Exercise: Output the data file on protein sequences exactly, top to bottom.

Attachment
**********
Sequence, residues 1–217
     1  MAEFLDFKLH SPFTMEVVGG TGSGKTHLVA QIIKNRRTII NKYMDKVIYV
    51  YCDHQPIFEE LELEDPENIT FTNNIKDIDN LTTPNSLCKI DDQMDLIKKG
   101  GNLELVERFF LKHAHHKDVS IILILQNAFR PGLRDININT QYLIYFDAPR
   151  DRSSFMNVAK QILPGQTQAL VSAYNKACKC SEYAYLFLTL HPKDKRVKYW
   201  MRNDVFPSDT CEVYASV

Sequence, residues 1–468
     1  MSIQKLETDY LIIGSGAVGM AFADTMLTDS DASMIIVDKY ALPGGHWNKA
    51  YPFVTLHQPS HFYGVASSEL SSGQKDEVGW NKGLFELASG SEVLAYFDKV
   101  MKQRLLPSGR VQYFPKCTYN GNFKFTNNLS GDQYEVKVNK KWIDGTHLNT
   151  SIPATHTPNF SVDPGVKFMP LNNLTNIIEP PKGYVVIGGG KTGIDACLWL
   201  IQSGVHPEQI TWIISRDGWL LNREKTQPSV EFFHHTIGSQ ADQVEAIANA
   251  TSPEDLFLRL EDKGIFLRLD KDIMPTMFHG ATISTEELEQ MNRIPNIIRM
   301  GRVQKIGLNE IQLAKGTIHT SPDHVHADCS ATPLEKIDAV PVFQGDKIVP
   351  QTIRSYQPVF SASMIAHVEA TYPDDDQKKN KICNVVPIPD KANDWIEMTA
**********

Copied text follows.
Sequence, residues 1–217
     1  MAEFLDFKLH SPFTMEVVGG TGSGKTHLVA QIIKNRRTII NKYMDKVIYV
    51  YCDHQPIFEE LELEDPENIT FTNNIKDIDN LTTPNSLCKI DDQMDLIKKG
   101  GNLELVERFF LKHAHHKDVS IILILQNAFR PGLRDININT QYLIYFDAPR
   151  DRSSFMNVAK QILPGQTQAL VSAYNKACKC SEYAYLFLTL HPKDKRVKYW
   201  MRNDVFPSDT CEVYASV

Sequence, residues 1–468
     1  MSIQKLETDY LIIGSGAVGM AFADTMLTDS DASMIIVDKY ALPGGHWNKA
    51  YPFVTLHQPS HFYGVASSEL SSGQKDEVGW NKGLFELASG SEVLAYFDKV
   101  MKQRLLPSGR VQYFPKCTYN GNFKFTNNLS GDQYEVKVNK KWIDGTHLNT
   151  SIPATHTPNF SVDPGVKFMP LNNLTNIIEP PKGYVVIGGG KTGIDACLWL
   201  IQSGVHPEQI TWIISRDGWL LNREKTQPSV EFFHHTIGSQ ADQVEAIANA
   251  TSPEDLFLRL EDKGIFLRLD KDIMPTMFHG ATISTEELEQ MNRIPNIIRM
   301  GRVQKIGLNE IQLAKGTIHT SPDHVHADCS ATPLEKIDAV PVFQGDKIVP
   351  QTIRSYQPVF SASMIAHVEA TYPDDDQKKN KICNVVPIPD KANDWIEMTA